1. Denial – This can’t be true! Say it ain’t so. Has this really happened.
  2. Anger – I was angry at the Church for suppressing this info and angry towards others who didn’t understand my new-found knowledge.
  3. Bargaining – I wanted to share with anyone who would listen and try to have them understand my position so I would feel understood and justified.
  4. Depression – Nobody cares about this. Everyone is right in their on mind and theology. I’m one of the few who knows the truth and that is a lonely position.
  5. Acceptance – I continued to research and ask ?’s year after year and begin to get a broader perspective and a greater understanding and depth of what is truth.

Ok, so maybe it wasn’t exactly the same, but I could relate to that model. Thankfully God in his rich grace, hasn’t left me to that same level of anger, confusion and pride that I had a few years ago in relation to this subject.

After a couple of years like that, in 2009 I begin to have a new perspective on both Chanukah and Christmas that continues to be reflective and thoughtful to this day. I don’t go into anything blindly accepting everything that has been told or shown to me and I don’t expect you to either. Below are some additional thoughts of mine and some links to blogs and articles that I found to be helpful on the Chanukah and Christmas quest for balance and truthfulness:

Chanukah for Christians? Here is a link to a blog I wrote last year called Consider Christ, Chanukah!

Also see, A Bissell of Hanukkah How-To’s and Inspiration, MJ Style by Rabbi Derek Leman.

A kosher Christmas? As far as my ghosts of recent Christmas past are concerned, they don’t haunt me the way they used to anymore. I think it was a blessing that I was able to learn the intricate history of Christmas and struggle for a few years with its implications. This is a healthy and necessary practice and process to keep integrity in our faith expressions. I should do more of this and so should you. Here are a few thoughts on what I’ve learned and where I am now:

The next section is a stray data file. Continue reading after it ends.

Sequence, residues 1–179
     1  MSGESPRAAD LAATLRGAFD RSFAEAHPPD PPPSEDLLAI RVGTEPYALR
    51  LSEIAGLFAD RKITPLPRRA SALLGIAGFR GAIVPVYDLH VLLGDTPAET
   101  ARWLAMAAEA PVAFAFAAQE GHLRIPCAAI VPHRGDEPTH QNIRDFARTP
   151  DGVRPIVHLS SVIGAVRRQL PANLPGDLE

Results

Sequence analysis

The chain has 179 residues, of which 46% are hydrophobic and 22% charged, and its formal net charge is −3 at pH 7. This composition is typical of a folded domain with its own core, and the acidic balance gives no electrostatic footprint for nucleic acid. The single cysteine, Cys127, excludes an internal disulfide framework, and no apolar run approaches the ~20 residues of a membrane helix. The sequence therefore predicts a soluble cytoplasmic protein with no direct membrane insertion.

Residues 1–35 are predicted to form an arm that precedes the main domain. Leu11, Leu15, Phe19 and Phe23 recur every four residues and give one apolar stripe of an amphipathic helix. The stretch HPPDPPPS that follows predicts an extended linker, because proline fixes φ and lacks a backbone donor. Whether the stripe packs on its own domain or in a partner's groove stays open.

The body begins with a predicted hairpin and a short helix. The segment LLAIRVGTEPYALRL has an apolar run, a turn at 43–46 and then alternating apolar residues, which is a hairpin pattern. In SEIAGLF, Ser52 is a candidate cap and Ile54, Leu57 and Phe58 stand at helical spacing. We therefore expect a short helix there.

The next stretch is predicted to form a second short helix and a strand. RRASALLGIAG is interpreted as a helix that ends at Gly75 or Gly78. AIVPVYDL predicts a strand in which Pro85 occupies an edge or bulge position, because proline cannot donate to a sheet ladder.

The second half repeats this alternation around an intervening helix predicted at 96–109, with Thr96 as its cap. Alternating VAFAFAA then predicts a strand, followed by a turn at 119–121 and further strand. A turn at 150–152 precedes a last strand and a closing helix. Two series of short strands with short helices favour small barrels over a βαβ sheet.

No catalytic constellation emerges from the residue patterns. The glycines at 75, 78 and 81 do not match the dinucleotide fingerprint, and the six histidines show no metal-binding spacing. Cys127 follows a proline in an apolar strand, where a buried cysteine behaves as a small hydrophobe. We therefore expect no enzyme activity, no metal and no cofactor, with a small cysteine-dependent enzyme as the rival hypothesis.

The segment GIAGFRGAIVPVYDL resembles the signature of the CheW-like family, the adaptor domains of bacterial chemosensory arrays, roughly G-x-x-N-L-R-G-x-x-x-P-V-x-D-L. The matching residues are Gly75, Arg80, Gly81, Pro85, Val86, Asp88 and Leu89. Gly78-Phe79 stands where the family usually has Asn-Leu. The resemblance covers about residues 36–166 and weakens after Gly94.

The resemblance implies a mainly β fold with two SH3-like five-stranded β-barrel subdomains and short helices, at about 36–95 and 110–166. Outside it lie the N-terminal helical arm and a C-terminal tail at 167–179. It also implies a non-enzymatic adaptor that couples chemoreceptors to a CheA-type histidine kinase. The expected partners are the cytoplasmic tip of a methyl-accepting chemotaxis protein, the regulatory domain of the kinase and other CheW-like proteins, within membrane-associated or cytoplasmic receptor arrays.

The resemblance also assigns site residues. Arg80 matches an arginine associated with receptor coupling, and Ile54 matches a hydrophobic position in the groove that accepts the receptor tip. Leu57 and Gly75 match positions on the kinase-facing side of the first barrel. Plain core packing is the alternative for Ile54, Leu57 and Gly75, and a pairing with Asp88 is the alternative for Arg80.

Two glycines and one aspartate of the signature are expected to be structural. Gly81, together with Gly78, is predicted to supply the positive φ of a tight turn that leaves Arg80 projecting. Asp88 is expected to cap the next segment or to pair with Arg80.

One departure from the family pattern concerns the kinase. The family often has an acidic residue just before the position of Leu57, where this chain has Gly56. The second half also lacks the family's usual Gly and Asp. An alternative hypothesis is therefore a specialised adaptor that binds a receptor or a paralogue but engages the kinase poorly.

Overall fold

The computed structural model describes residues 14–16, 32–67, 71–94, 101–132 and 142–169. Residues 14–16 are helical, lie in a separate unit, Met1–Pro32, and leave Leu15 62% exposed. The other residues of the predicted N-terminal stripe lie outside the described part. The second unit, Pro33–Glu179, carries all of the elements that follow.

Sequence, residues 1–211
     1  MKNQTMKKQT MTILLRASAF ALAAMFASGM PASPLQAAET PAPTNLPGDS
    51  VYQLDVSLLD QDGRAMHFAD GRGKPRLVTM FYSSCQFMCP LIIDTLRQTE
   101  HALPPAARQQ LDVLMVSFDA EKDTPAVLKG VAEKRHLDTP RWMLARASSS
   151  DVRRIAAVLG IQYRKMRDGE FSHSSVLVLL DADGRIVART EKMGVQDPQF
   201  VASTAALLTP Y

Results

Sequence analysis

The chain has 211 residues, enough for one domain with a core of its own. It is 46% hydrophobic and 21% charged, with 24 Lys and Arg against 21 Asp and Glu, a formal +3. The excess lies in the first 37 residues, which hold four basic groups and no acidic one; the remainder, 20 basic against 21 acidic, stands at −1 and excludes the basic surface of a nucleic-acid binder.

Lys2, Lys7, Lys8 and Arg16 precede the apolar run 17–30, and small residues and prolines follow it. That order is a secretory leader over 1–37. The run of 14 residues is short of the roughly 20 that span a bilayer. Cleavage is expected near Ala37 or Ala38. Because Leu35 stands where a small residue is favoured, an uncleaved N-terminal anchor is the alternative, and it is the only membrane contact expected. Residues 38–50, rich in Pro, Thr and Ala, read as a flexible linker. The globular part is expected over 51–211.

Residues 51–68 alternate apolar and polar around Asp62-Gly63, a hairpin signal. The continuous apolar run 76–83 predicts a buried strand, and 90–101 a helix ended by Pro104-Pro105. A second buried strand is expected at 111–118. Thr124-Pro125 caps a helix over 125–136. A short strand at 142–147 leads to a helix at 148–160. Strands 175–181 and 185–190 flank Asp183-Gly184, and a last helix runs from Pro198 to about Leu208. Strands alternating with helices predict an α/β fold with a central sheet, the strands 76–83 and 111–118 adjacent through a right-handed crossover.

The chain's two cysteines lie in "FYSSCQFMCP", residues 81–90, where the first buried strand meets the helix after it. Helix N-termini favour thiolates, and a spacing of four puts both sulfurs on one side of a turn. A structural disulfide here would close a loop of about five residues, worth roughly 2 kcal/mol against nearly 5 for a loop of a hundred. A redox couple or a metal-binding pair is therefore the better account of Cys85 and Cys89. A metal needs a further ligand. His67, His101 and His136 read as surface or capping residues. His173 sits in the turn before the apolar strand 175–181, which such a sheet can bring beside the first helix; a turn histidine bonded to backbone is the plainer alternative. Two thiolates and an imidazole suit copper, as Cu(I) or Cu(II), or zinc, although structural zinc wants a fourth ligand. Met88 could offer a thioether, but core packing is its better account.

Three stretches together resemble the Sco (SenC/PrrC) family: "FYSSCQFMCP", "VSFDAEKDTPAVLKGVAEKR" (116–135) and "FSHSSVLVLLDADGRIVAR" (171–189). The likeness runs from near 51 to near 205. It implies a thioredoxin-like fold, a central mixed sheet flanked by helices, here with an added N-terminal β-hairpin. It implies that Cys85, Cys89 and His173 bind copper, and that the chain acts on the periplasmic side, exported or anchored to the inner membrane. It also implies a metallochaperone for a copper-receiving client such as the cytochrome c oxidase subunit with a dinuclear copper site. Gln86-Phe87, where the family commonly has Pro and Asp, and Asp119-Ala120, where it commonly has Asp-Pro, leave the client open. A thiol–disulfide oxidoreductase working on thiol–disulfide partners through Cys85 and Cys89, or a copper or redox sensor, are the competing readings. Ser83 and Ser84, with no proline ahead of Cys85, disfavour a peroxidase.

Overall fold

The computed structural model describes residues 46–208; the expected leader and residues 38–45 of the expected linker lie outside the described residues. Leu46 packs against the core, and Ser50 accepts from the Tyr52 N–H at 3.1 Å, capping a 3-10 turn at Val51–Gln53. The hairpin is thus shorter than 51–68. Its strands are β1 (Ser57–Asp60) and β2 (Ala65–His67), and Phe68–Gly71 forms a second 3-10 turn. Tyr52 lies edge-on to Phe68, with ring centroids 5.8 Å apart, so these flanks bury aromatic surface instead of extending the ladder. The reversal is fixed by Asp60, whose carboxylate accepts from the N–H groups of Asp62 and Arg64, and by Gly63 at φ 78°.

• The birth of Yeshua (Jesus) by the virgin Miriam (Mary) is historical.
  • The Bible gives details about the birth of Yeshua but doesn’t call it Christmas.
  • Christmas is a man-made holiday by Christians for Yeshua.
  • The Bible doesn’t prohibit celebrating Yeshua’s birth.
  • The Bible emphasizes and makes much of Yeshua’s death.
  • The Bible contains many God ordained festivals that reveal Yeshua.
  • Most scholars put Yeshua’s birth in the Spring or Fall and not the Winter.
  • Celebration of Yeshua’s birth most likely began in the late 2nd Century.
  • His birth became wide-spread and official by the Church in the 4th Century.
  • This was likely done to combat paganism, not to conform to it.
  • Most Biblical Festivals have almost identical practices that predate them.
  • The Winter solstice has been celebrated since before Yeshua was born.
  • Many Christmas customs seem to have their origins in non-biblical religions.
  • Some practices and customs can be redeemed, some can’t. Use discernment.
  • All of creation is good and from God but mankind can form into idols.
  • Trees in the Bible were used as decoration and symbolism by God’s people.
  • Trees in the Bible were made into idols and used in false worship by pagans.
  • God created light and He is the Light of the World. We are to be His reflection.
  • Christmas music can be worshipful, uplifting, inspiring and theological.
  • Peace, Joy and Goodwill for all men is a disciples goal and Messianic ideal.
  • Giving gifts and helping others is a good, fun and Christ-like thing to do.
  • Excessive consumerism is a sin.
  • Santa Claus is not real and we shouldn’t lie to children about him being real.
  • Santa Claus did start as a historical figure in the person of St. Nicholas.
  • It’s good to see churches and believers emphasizing Advent vs commercialism.

Here is a link to a very interesting article that was written in 1910 by the early 20th Century Messianic Jew Chaim Yedidah Theophilis (Lucky) called “Hanukkah or Christmas?”.